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The “Special Employer Doctrine” - An Employer’s Defense To A Tort Injury Claim

Friday, July 28 2017 10:45 AM

By Charles Millsap     

There Are A Number Of Circumstances In Which An Employer Can Successfully Assert The Workers Compensation Act’s Exclusive Remedy Provision In Defense of A Tort Claim Brought by an Injured Worker. One Such Situation Arises Under the Kansas “Special Employer Doctrine.”

       In Kansas, an employee generally cannot maintain a tort claim against his employer for injuries the employee sustained in the course of employment. The remedy provided by the Kansas Workers Compensation Act - recovery of workers compensation benefits regardless of fault - is “exclusive.” As a consequence, a worker is prohibited from recovering in a common law negligence action from any party from which he or she could have received workers compensation benefits under the Act.

       In any employment to which the Kansas Workers Compensation Act applies, when personal injury by accident arising out of and in the course of employment is caused to an employee, the employer shall be liable to pay compensation to the employee in accordance with the provisions of the Act. K.S.A. 44-501b(a).

In defending itself from a tort claim brought by an injured worker, an employer may assert as an affirmative defense the exclusive remedy provisions of the Kansas Workers Compensation Act. The controlling statute is currently found at K.S.A. 44-501b(d):

Except as provided in the workers compensation act, no employer, or other employee of such employer, shall be liable for any injury, whether by accident, repetitive trauma, or occupational disease, for which compensation is recoverable under the workers compensation act nor shall an employer be liable to any third party for any injury or death of an employee which was caused under circumstances creating a legal liability against a third party and for which workers compensation is payable by such employer.

(Emphasis added.)

       The Kansas legislature intends that the Workers Compensation Act shall be liberally construed for the purpose of bringing employers and employees within the provisions of the Act. K.S.A. 44-501b(a). “It is the intent of the legislature that the workers compensation act shall be liberally construed only for the purpose of bringing employers and employees within the provisions of the act. The provisions of the workers compensation act shall be applied impartially to both employers and employees in cases arising thereunder.”

       While the application of the exclusive remedy defense by an employer is straight forward when brought in response to a tort claim by a regular employee, there are other circumstances where the defense may also be available. One such situation arises when the employer has borrowed an employer from another employer - and thereby becomes the worker’s second or special employer.

B. The Special Employer Doctrine Under Kansas Law

       The exclusive remedy provision of workers compensation law prevents an injured employee, who is entitled to compensation under the Act, from maintaining a common-law negligence claim against his employer. To prevail on a defense that the exclusive remedy provisions of the Kansas Workers Compensation Act bars plaintiffs’ tort claims, the employer bears the burden to establish the existence of an employment relationship with the injured worker. Anderson v. Nat’l Carriers, Inc., 10 Kan.App.2d 203, 206, 695 P.2d 1293 (1985).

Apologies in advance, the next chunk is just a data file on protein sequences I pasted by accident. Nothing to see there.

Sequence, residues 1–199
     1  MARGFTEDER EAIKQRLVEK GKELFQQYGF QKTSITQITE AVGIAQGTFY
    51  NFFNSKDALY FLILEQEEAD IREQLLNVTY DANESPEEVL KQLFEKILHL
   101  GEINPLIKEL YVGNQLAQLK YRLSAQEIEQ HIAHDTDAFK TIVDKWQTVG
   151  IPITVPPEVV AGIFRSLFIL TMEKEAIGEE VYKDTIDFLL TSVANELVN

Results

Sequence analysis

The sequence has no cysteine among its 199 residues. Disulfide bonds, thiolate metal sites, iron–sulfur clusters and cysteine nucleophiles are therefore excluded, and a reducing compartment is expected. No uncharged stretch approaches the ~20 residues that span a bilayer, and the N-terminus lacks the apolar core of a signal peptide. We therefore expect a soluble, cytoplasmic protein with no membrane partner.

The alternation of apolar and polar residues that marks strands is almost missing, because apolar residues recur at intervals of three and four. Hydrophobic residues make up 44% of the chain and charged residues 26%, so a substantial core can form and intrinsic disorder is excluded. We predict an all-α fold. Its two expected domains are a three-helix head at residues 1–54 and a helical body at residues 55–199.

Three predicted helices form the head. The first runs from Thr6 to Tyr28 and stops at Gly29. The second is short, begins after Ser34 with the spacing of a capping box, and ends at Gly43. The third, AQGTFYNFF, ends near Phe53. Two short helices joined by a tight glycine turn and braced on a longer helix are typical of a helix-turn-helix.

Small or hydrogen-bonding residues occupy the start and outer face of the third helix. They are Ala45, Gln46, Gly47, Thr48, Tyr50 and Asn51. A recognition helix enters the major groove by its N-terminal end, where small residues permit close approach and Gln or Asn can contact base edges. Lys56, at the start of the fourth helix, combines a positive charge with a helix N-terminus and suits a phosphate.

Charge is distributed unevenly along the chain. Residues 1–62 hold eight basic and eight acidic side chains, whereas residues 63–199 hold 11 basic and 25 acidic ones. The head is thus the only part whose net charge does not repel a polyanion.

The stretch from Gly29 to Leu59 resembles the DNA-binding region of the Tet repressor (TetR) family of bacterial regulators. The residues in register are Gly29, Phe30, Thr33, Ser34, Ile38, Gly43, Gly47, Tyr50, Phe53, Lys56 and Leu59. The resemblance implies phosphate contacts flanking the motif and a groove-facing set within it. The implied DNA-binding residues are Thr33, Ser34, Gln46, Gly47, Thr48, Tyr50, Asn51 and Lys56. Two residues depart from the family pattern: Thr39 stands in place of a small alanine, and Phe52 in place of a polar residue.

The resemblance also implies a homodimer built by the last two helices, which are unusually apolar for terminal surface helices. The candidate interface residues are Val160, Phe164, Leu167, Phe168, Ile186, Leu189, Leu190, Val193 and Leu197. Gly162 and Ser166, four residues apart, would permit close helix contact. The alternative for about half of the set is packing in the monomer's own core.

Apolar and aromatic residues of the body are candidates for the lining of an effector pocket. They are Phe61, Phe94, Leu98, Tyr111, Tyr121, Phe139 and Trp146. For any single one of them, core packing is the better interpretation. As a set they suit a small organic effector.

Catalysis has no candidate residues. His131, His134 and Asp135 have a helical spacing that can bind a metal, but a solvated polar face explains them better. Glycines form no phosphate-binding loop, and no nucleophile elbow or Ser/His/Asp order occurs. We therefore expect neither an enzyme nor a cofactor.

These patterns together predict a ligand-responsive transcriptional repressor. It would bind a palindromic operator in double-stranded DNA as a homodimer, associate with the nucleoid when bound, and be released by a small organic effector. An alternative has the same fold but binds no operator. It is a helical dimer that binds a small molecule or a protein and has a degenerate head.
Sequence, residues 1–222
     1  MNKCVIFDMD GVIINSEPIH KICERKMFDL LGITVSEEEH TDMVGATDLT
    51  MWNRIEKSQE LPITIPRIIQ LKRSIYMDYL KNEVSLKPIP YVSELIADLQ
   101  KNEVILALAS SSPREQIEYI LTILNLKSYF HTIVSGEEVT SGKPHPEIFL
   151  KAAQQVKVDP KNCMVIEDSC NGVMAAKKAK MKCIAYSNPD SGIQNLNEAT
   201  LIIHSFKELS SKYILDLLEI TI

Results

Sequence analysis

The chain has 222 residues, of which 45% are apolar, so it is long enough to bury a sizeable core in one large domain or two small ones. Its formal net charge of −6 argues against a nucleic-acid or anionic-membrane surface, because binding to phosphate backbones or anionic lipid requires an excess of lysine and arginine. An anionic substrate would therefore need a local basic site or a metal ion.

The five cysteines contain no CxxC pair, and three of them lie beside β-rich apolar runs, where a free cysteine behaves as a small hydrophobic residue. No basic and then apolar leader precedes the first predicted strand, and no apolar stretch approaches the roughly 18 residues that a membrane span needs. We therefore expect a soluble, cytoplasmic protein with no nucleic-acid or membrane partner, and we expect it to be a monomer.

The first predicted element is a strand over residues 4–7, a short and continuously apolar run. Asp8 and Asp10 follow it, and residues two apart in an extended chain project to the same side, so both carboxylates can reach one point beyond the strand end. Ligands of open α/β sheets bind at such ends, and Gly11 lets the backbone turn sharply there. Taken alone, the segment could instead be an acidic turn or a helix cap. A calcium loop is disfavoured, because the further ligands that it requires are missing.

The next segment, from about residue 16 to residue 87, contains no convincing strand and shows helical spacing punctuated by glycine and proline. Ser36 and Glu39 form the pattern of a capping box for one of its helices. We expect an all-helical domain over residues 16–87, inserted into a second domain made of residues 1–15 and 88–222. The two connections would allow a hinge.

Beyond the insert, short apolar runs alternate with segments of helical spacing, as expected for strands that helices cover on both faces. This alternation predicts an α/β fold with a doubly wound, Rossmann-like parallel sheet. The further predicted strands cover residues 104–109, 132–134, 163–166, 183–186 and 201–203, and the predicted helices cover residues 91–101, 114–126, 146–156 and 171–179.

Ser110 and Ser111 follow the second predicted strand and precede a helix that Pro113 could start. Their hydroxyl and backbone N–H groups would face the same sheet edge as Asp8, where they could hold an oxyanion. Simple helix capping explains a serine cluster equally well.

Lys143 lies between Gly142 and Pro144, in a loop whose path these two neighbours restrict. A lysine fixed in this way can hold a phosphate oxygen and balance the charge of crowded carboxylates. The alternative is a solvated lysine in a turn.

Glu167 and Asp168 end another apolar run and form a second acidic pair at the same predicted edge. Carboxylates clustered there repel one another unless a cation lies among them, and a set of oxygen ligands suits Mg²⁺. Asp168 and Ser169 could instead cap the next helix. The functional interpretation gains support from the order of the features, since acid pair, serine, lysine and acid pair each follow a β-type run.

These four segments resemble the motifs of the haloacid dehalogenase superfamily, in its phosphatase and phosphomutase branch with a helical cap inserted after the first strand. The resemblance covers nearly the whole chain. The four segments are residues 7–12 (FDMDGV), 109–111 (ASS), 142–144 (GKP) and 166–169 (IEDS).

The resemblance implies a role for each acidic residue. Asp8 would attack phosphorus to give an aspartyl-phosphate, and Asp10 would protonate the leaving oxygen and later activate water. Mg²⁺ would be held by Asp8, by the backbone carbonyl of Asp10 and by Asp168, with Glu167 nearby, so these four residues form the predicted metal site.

There are number of ways in which an employer/employee relationship can be established for the purpose of application of the Kansas Workers Compensation Act and its exclusive remedy provision:


1. General employment relationship. Such a relationship can be recognized under the “right to control” test for general employment relationships. See Hill v. Kan. Dep’t of Labor, Div. of Workers Comp., 42 Kan.App.2d 215, 222-23, 210 P.3d 647 (2009), aff’d in part, rev. in part on other grounds, 292 Kan. 17, 248 P.3d 1287 (2011); Aspelin v. Mounkes, 206 Kan. 132, 135, 476 P.2d 620 (1970) (discussing “right of control” test for general employment relationship).

2. Statutory employer/employee relationship. See K.S.A. 44-503; Robinett v. Haskell Co., 270 Kan. 95, 98-99, 12 P.3d 411 (2000) [“The impact of K.S.A. 1999 Supp. 44-503 is to allow an employee of a contractor to recover workers compensation benefits from either his immediate employer or the principal contractor, so long as the work being done by the employee is either an integral part of the principal’s trade or business or is work that would ordinarily have been done by an employee of the principal.”]; Bright v. Cargill, Inc., 251 Kan. 387, 392-94, 837 P.2d 348, 356 (Kan.1992) [adopting test for “statutory employer/employee” relationship set out in Hanna v. CRA, Inc., 196 Kan. 156, 409 P.2d 786, 789 (Kan.1966)].

3. Special employer/employee relationship. See Scott v. Altmar, Inc., 272 Kan. 1280, 1283-84, 38 P.3d 673 (2002) (setting forth and applying the test for “special employer/employee relationship”). This case is discussed at length below.

       The law of workers compensation recognizes circumstances under which an employee of one employer (the general employer) is loaned or assigned out to work for and under the direction, supervision or control of another employer (the special employer). This is sometimes referred to as the loaned or borrowed servant doctrine. When this occurs, both the general employer and special employer are considered to be employers of the employee for workers compensation and exclusive remedy purposes.

       This concept of dual employment is well-described in treatises. As explained in 1 Modern Workers Compensation § 103.30 (March 2016)(emphasis added):